Crack Stitching

Crack Stitching is a method of repairing and stabilising cracked masonry using HeliBars bonded into cut slots with HeliBond cementitious grout.

Masonry may move and crack as a result of movement in foundation soils, seismic activity and cyclical wet and dry, hot and cold environmental conditions. Crack stitching reintroduces structural integrity and redistributes structural loads for a quick, simple, effective and permanent solution.

HeliBar bonded into appropriate bed joints or cut slots with HeliBond grout is the solution to the problem of stabilising cracked masonry.

System Components

  • 1m lengths of HeliBar
  • HeliBond cementitious grout
  • Mortar rake
  • Mixing paddle
  • Applicator with fitted applicator nozzle

1. Using an appropriate power cutting tool, rake out or cut slots into the horizontal mortar beds, to a minimum of 500mm either side of the crack, to the specified depth (typically 25-35mm) and at the specified vertical spacing (typically not more than four brick courses or 340mm apart).

2. Clean out slots with blow pump and apply HeliPrimer WB or flush with water.

3. Using the CS Pointing Gun Kit, inject a bead of HeliBond to the back of the slot.

4. Using a finger trowel, or similar, push the HeliBar into the grout to obtain good coverage.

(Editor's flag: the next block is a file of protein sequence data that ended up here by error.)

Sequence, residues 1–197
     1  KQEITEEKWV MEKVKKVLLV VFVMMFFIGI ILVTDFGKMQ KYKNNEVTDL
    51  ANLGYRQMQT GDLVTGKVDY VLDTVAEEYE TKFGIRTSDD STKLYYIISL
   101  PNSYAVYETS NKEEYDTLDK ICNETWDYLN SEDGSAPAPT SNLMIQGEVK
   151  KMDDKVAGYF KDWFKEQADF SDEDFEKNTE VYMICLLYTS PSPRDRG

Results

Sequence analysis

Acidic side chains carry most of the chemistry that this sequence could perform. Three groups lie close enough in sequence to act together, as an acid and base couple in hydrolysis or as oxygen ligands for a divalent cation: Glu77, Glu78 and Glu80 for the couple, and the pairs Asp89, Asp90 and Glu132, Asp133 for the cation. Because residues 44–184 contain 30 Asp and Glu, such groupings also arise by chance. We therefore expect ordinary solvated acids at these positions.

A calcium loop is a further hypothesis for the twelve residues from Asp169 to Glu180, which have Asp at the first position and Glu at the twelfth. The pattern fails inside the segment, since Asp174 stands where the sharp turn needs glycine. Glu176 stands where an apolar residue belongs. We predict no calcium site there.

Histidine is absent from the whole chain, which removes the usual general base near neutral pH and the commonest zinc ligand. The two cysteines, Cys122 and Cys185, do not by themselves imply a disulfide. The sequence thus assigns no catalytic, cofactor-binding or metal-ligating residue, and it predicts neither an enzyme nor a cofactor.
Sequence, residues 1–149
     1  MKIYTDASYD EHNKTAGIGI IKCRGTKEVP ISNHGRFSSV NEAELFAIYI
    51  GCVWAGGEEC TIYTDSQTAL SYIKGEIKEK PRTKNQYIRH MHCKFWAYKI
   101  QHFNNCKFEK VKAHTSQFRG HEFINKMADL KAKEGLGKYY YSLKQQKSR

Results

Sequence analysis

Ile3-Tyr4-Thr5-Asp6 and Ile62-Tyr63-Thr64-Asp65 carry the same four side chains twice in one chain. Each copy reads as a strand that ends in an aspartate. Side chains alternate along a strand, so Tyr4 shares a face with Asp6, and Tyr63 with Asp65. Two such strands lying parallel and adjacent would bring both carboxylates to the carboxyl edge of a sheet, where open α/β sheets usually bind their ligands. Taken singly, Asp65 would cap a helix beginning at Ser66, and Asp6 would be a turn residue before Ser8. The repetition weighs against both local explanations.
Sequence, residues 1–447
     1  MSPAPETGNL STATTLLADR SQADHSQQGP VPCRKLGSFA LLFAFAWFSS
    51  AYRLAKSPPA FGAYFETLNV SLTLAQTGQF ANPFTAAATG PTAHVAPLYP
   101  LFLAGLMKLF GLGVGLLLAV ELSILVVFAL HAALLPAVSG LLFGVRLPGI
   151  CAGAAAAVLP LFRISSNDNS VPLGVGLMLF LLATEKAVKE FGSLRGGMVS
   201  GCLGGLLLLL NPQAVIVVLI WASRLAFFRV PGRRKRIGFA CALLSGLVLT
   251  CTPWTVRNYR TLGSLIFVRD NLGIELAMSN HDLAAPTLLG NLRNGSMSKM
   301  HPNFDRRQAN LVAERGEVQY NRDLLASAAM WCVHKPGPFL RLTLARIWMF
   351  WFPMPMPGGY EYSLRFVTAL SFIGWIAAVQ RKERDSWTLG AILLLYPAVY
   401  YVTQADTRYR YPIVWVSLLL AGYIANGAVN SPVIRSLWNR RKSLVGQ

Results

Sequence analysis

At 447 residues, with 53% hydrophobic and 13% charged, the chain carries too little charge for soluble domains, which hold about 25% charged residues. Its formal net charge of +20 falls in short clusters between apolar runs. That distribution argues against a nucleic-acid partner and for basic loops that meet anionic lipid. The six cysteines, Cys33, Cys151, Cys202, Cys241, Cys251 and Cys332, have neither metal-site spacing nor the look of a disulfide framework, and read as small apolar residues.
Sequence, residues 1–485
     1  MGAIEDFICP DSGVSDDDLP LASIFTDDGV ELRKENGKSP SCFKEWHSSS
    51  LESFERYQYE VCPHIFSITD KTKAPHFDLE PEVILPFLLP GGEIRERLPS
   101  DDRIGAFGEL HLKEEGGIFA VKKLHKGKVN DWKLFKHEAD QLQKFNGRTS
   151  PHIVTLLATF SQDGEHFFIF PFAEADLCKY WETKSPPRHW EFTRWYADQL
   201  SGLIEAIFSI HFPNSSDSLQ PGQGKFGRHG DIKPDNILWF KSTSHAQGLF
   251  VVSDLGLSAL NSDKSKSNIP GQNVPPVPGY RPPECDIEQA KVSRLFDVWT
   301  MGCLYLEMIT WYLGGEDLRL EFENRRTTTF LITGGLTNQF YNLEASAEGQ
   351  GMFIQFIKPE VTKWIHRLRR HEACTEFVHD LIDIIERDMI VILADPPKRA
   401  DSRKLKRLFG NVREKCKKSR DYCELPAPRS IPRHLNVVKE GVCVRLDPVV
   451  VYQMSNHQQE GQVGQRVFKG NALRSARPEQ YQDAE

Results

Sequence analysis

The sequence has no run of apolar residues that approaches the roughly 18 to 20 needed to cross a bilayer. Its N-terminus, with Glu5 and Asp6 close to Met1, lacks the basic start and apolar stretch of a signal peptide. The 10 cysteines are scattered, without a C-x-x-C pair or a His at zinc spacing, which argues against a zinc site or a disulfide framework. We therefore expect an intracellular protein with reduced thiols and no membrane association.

5. Insert a further bead of HeliBond over the exposed HeliBar, finishing 10-15mm from the face, and ‘iron’ into the slot using a finger trowel.

6. Make good the vertical crack with an epoxy-based weatherproof filler e.g. Crackbond TE. Repoint the mortar bed and make good.

Cracks in brick walls
Cracks in rendered walls
Cracks near corners
Cracks in block walls
Cracks in stone walls
  • Quick, simple, effective and permanent
  • More effective in brick/block masonry than simple crack injection
  • Suitable for all types of masonry including listed and historic structures and those with lime mortar
  • Fully concealed, non-disruptive repair system
  • Stainless steel HeliBars and non-shrink
  • HeliBond grout combine to create excellent tensile strength within the masonry
  • Tensile loads are redistributed along the masonry
  • Masonry remains flexible enough to accommodate natural building movement